Philippine peace deal in jeopardy as Muslim rebels cry foul
MANILAAug 07, 2014 - 12:00 am GMT+3
Aug 07, 2014 12:00 am
An historicpeace settlement in the southern Philippines is at risk of breaking down as Muslim rebels accuse the government of going back on its word over a proposed law to create self-rule for the wartorn region. The two sides, who signed the deal in March to end nearly five decades of conflict, are holding urgent talks this week to try to iron out the unexpected obstacles to what had been seen as one of President Benigno Aquino's landmark successes.
A breakdown would risk a return to violence and a blow to hopes for an economic revival for resource-rich Mindanao island as potential investors in sectors such as agriculture and mining wait on the sidelines for the peace deal to be implemented.
Large companies such as food processor Del Monte Pacific Limited, which has a pineapple plantation in Mindanao, had said they were considering expanding operations after the deal. But most major foreign companies have held back pending evidence of a lasting settlement.
Under the pact the main rebel group - the Moro Islamic Liberation Front (MILF) - agreed to disband its guerrilla force and rebuild communities in exchange for wider powers to control the region's economy and society. A joint government-MILF panel agreed details of the region's powers and relations with the central government this year, submitting a draft law for approval by Congress.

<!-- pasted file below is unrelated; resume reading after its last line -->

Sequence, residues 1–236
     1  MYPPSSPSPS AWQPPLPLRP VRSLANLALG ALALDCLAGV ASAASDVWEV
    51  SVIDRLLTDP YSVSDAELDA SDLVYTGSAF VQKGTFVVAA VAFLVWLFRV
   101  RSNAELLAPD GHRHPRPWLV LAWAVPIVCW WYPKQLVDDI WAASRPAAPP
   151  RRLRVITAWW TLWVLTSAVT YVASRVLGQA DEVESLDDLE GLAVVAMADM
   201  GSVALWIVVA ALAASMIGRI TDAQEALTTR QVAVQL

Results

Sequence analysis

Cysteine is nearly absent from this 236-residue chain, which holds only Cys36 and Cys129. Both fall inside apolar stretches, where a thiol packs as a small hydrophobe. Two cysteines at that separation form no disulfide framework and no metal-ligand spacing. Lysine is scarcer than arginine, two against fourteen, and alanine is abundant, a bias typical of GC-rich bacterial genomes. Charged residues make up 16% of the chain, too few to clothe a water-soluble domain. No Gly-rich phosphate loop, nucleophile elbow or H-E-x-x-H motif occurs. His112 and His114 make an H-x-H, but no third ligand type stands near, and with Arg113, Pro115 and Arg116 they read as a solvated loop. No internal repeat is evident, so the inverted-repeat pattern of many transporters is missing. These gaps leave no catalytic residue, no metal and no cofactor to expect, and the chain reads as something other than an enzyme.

But the hitherto smooth progress has stalled after Aquino's legal team made surprise, sweeping changes to the draft law which the MILF says contravene the earlier agreement and would place unacceptable limits on their autonomy. "We cannot accept this proposed law as it is," Mohagher Iqbal, the MILF's chief negotiator, told Reuters. "We will lose face if we agree to this. Their version clearly departed from the letter and spirit of the peace agreement, which was the basis in crafting the proposed law."
Iqbal's comments to Reuters are the first public indication that the agreement is close to collapse. Iqbal said about 70 percent of the nearly 100-page draft "Bangsamoro" law was either deleted or revised by Aquino's lawyers, who reviewed the document for two months after it was submitted in late April for vetting. A copy of the revised legislation seen by Reuters showed entire sections of articles on territory, resources, and government structure had been deleted or revised.
About the author
Research Associate at Center for Islam and Global Affairs (CIGA) at Istanbul Sabahattin Zaim University